I also tried to explain that this situation is not well known even in our own country. Gold Corp seems to be better known in Ottawa for example as a major contributor to the University of Ottawa!

I think it would be a good experience for more Canadians to be here and sit with people and try to explain why we do these things with impunity.

After our discussion our Guatemalan hosts thanked us for contributing.

A great learning experience all around.

 


 

Tuesday, July 10, 2012

Shopping Day in Xela

Today I have been shopping.

For me this is a major feat! I consider myself someone who is not the best at getting from place to place. However, today I was able to find my way to this wonderful bake shop and I was able to meet all sorts of merchants selling a wonderful variety of items.

Ronnaldo (my teacher) and I started the day by walking to the bake shop. I had never been there, but it was sunny and almost warm, so it was a good day for walk.

I have just started to learn the Subjunctive which is very exciting for me. Ronnaldo quizzed me all the way to the bakery on the present Subjunctive - a challenging task while trying to avoid the cars of the busy narrow streets.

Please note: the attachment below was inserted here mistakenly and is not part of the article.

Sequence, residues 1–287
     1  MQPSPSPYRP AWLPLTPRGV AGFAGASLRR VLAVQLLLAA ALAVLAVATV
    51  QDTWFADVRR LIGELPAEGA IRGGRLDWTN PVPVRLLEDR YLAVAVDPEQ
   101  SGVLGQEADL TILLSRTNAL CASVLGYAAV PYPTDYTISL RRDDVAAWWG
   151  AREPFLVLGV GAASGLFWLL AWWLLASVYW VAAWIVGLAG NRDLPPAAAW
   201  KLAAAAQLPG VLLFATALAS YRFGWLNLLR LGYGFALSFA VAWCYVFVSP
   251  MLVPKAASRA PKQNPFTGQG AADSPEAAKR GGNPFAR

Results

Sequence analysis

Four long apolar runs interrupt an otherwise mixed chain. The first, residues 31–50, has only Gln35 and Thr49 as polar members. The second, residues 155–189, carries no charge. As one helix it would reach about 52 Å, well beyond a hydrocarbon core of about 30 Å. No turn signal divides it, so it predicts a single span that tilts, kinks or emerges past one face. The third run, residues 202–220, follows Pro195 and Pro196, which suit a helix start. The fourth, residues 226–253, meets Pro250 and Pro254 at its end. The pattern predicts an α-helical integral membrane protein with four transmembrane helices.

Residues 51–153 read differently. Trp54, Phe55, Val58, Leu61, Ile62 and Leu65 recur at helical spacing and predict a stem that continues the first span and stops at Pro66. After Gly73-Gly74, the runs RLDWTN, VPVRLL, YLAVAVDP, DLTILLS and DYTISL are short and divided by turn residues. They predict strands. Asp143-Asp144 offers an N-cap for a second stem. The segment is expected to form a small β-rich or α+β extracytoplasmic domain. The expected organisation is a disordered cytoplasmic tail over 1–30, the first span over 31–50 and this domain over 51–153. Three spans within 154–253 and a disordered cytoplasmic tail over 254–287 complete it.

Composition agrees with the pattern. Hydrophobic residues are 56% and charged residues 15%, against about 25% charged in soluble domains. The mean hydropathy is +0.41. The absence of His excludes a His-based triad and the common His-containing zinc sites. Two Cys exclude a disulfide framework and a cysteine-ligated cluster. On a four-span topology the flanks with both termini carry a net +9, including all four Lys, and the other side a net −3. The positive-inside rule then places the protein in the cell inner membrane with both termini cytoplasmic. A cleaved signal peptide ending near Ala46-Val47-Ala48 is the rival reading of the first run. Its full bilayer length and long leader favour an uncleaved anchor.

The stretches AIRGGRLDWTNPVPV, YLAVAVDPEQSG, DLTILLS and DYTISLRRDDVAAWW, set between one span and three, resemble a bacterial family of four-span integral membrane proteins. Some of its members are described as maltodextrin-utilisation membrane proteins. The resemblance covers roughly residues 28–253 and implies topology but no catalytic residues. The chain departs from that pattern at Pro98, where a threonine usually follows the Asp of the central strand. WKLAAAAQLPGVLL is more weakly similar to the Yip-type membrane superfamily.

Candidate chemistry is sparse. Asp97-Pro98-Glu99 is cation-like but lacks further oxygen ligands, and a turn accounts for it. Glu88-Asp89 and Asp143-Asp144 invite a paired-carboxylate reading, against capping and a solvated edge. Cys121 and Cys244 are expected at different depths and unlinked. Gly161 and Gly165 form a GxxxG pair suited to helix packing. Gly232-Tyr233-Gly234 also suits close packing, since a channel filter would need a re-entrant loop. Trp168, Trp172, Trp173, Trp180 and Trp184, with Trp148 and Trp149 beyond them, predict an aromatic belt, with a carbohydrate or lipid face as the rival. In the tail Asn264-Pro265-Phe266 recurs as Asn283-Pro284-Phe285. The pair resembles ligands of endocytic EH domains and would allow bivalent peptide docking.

While Ronnaldo got something healthy, I went for the biggest cream filled donut I could find. I really couldn't turn up the opportunity.

Right after class, I met Diego who was selling all sorts of amazing stuff from a village 40 kilometers from here. We talked about the materials that were used in some of the crafts and other things. It was very good to meet him and learn about what he had brought to the city.

The street where I met Diego

Later, I was actually able to make it back to the bake shop - after being there only one time! Unprecedented for me. I bought one of the last pies and brought it home for my family.

Next, I met Maria downtown selling all types of scarves and fabric. Her father was names Pablo and she would have happily sold me all of her wares if I had not moved on.

I continued shopping for family back home. A great day, a wonderful way to meet new people in Xela!

One of the markets in Xela, close to where I met Maria

 

 

 

Monday, July 9, 2012

The central square of Xela

In all the small towns and cities I have visited in Latin America, it is the central squares that I like the most. Always, this is where you will find the people, talking, walking meeting up. I can spend hours in the central square in Xela just watching the people.